• © Prentice Hall and Sun Microsystems. Personal use only; do not redistribute. 12.2 Including Files at Request Time 273 Listing 12.6 Item3.html <B>Larry Ellison acts conciliatory.</B> Catching his competitors off guard yesterday, Oracle prez Larry Ellison referred to his rivals in friendly and respectful terms. <A HREF=quot;http://www.oracle.com/Mistake.htmlquot;>More details...</A> Listing 12.7 Item4.html <B>Sportscaster uses quot;literallyquot; correctly.</B> In an apparent slip of the tongue, a popular television commentator was heard to use the word quot;literallyquot; when he did <I>not</I> mean quot;figuratively.quot; <A HREF=quot;http://www.espn.com/Slip.htmlquot;>More details...</A> Figure 12–2 Result of WhatsNew.jsp. Second edition of this book: www.coreservlets.com; Sequel: www.moreservlets.com. Servlet and JSP training courses by book’s author: courses.coreservlets.com.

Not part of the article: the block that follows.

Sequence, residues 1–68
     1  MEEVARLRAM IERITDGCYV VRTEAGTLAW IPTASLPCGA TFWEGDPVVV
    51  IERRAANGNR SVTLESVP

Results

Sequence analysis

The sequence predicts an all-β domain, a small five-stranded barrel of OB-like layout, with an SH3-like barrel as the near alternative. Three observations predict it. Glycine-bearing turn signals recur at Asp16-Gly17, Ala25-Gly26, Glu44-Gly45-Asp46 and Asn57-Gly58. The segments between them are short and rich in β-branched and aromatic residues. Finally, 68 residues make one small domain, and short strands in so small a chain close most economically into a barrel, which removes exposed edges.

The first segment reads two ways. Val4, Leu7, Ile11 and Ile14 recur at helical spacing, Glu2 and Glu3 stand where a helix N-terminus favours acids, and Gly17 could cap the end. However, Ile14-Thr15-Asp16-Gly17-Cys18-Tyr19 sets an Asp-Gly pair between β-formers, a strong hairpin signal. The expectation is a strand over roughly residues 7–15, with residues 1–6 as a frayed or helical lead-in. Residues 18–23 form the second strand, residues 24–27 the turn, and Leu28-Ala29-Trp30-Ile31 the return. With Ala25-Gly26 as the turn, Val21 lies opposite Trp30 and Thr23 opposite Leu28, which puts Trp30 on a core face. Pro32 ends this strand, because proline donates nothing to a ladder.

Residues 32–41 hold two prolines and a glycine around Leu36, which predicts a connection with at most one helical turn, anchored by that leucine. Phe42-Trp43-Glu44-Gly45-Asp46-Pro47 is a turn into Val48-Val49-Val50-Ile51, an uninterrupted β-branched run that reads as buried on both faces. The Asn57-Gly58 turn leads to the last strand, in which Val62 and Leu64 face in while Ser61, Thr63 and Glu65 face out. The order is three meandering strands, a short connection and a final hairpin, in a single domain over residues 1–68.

• © Prentice Hall and Sun Microsystems. Personal use only; do not redistribute. 274 Chapter 12 Including Files and Applets in JSP Documents 12.3 Including Applets for the Java Plug-In With JSP, you don’t need any special syntax to include ordinary applets: just use the normal HTML APPLET tag. However, these applets must use JDK 1.1 or JDK 1.02 since neither Netscape 4.x nor Internet Explorer 5.x support the Java 2 platform (i.e., JDK 1.2). This lack of support imposes several restric- tions on applets: • In order to use Swing, you must send the Swing files over the network. This process is time consuming and fails in Internet Explorer 3 and Netscape 3.x and 4.01-4.05 (which only support JDK 1.02), since Swing depends on JDK 1.1. • You cannot use Java 2D. • You cannot use the Java 2 collections package. • Your code runs more slowly, since most compilers for the Java 2 platform are significantly improved over their 1.1 predecessors. Furthermore, early browser releases had a number of inconsistencies in the way they supported various AWT components, making testing and deliv- ery of complex user interfaces more burdensome than it ought to have been. To address this problem, Sun developed a browser plug-in for Netscape and Internet Explorer that lets you use the Java 2 platform for applets in a variety of browsers. This plug-in is available at http://java.sun.com/prod- ucts/plugin/, and also comes bundled with JDK 1.2.2 and later. Since the plug-in is quite large (several megabytes), it is not reasonable to expect users on the WWW at large to download and install it just to run your applets. On the other hand, it is a reasonable alternative for fast corporate intranets, espe- cially since applets can automatically prompt browsers that lack the plug-in to download it. Unfortunately, however, the normal APPLET tag will not work with the plug-in, since browsers are specifically designed to use only their built-in vir- tual machine when they see APPLET. Instead, you have to use a long and messy OBJECT tag for Internet Explorer and an equally long EMBED tag for Netscape. Furthermore, since you typically don’t know which browser type will be accessing your page, you have to either include both OBJECT and EMBED (placing the EMBED within the COMMENT section of OBJECT) or identify the browser type at the time of the request and conditionally build the right tag. This process is straightforward but tedious and time consuming. Second edition of this book: www.coreservlets.com; Sequel: www.moreservlets.com. Servlet and JSP training courses by book’s author: courses.coreservlets.com.